A Jolly Good Show – Episode 14

ON the following Monday, band call at the Empire, Peterborough, was about to take its usual course. The orchestra was tuning up. Nesbo was deep in conversation with Will Griffiths, each of them glancing at a piece of paper Nesbo held in his hand.

Johnny West was sitting with Fabio and Rosa. He had his doll, Salty Sam, with him and was attempting some fractured Italian ventriloquism to their great amusement.

Cyril Broom was in his accustomed spot in the front row of the stalls reading a copy of “The Racing Post”, while Lennie Douglas looked over his shoulder. Delia, Kate and Sally were sitting together. The last week had seen a very subdued Sally. Kate had been quite cool with her for several days, but it was very apparent that she was ashamed of her behaviour of the previous week.

She had picked up the courage to go and apologise to Will Griffiths, but he’d just laughed it off, she said.

“Actually,” Sally said, “he’s a very intelligent and sensitive man and rather shy. And that made me feel worse.”

Kate said nothing.

Enid Broom came hurrying down the aisle, a small buff envelope in her hand a telegram. She took it to Cyril. He opened it, read it, showed it to Lennie, then left his seat to climb on stage.

“Ladies and gentlemen,” he called. “If I could have your attention.” People stopped chatting.

“I’ve just received this.” He waved the slip of paper. “It concerns all of us in a way, but perhaps one person in particular. I’ll read it to you. Coming to see show Tuesday stop Looking for possible understudy for Clarice Dupont stop Signed, Robert Conroy, agent for J. Foster Theatrical Productions stop”

There was a short silence. Everyone looked at Sally. She sat, her mouth open slightly.

Cyril said, “It’s got to be you, Sally, love. Clarice Dupont, eh? It’s that new show in Manchester. Next stop the West End.”

Everyone started talking. Delia took Sally’s hand then hugged her. Will Griffiths never took his eyes off her as she looked round in a daze. Then Nesbo spoke above the chatter.

“Now, listen, everybody. Listen!” The hubbub subsided. He looked around at the company. “This chap’s coming to see Sally, that’s pretty obvious. But we want to make sure that he sees she’s in a tip-top show. We need to be sharp. At our best.”

There were murmurs of agreement. Nesbo continued.

“Now, as Sally finishes her act, everyone who’s not on stage and that will be everyone but Lennie slip into any vacant seat in the theatre behind this agent chap and when Sally finishes we clap, we cheer, we shout ‘Bravo’, we shout ‘Encore’. She’ll have her friends behind her. Yes?”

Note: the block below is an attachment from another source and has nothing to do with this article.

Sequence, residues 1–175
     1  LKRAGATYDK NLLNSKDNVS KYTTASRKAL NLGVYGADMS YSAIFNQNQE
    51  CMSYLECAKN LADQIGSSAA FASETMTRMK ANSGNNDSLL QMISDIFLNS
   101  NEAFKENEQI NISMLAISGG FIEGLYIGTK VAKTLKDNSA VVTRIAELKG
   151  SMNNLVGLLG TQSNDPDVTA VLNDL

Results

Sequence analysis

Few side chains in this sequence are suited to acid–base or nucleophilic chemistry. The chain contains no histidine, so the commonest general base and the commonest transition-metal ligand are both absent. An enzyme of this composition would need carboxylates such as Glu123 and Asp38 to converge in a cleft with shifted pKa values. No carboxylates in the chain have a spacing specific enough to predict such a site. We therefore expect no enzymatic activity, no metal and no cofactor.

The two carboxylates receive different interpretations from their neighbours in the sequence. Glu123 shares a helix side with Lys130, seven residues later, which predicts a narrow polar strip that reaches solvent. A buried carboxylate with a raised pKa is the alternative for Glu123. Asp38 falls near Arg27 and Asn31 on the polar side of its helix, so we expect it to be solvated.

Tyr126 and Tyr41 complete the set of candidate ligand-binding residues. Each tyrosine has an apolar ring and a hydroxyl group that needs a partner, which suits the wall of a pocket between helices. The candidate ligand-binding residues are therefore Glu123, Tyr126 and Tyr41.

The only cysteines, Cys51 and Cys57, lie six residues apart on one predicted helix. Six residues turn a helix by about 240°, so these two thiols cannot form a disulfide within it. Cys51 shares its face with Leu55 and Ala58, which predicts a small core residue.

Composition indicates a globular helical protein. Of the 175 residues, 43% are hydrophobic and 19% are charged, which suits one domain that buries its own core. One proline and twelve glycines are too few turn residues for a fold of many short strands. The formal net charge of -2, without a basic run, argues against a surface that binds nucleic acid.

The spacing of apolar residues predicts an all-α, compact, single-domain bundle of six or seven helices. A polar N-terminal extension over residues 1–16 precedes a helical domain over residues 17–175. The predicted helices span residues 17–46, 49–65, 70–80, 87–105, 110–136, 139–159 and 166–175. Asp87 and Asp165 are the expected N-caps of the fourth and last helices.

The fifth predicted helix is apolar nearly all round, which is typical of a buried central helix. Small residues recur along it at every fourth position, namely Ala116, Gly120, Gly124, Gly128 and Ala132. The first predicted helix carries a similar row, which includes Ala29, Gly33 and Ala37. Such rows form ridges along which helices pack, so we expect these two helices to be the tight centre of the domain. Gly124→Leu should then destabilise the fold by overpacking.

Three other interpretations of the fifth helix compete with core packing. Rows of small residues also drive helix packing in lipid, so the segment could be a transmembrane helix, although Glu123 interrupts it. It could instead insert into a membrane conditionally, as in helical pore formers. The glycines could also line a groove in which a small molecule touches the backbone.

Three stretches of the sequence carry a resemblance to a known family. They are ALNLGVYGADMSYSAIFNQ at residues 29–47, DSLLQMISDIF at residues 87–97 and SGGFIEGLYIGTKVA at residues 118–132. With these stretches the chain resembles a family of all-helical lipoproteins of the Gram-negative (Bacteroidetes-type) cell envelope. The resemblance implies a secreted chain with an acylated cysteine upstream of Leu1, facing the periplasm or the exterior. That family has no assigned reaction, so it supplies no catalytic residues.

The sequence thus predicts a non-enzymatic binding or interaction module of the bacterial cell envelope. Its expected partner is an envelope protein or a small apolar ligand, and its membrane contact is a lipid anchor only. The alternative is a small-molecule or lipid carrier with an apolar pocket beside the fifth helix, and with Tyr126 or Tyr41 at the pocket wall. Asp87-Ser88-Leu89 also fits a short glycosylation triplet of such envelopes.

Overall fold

There was a loud, collective “Yes!”

Will Griffiths could see the tears welling in Sally’s beautiful eyes. Yes, he decided, he’d done the right thing. That was little consolation.

Robert Conroy was a dapper little man with round wire-rimmed spectacles and a battered brown briefcase that never left his hand or his lap. Kate thought he’d look more at home in a bank than a theatre. She could picture him as a seemingly insignificant character in a novel, who secretly held the fate of all the other characters in his hands.

The show went well, everyone at the top of their form, and it was obvious Sally was determined to grab her chance. She shone. Like the others, Kate slipped into a seat a couple of rows behind Mr Conroy and as Sally made her final curtsey she clapped long and loud to swell the waves of applause.

After the show, Mr Conroy, briefcase in hand, was taken by Cyril Broom to Sally’s dressing-room and the door closed. The rest of the company retired to the lounge bar of the Railway Hotel around the corner to wait. Mr Conroy’s decision could affect all of them.

They didn’t have to wait long. The door opened and Cyril and Sally hurried in. Kate could see at once the sparkle in Sally’s eyes and the flush of her cheek.

Kate and Delia exchanged smiles and moved towards Sally as Cyril Broom announced, “I’m sorry to say that Miss Sally Swift will be leaving the Jolly Good Company. She will be the understudy to Miss Clarice Dupont in the new musical extravaganza ‘Stardust’.”

There were cheers.

Everyone gathered around Sally to kiss her, to congratulate her. Kate stood by her as Will Griffiths came over. He didn’t kiss her. He held out his hand. Sally took it.

“Well done, Sally. I’m truly glad for you.”

For a moment they looked into each other’s eyes.

“Thank you, Will. And there were no splinters on the seat of that swing.” They both laughed. “I hope J. Foster Productions are as good as you,” she said.

“Oh, Jacob Foster has a pretty good reputation.”

“Jacob? Jacob Foster? Is that his name?”

Will shrugged his shoulders.

“I think I heard it somewhere.”

Kate saw Sally looking carefully at Will, then at all the company gathered around her. Kate might have imagined it, but was there a look of uncertainty on Sally’s face?

Perhaps she felt a little trepidation at what she was about to undertake, which was understandable. And perhaps there was a pang of regret, too, at what she was leaving behind.


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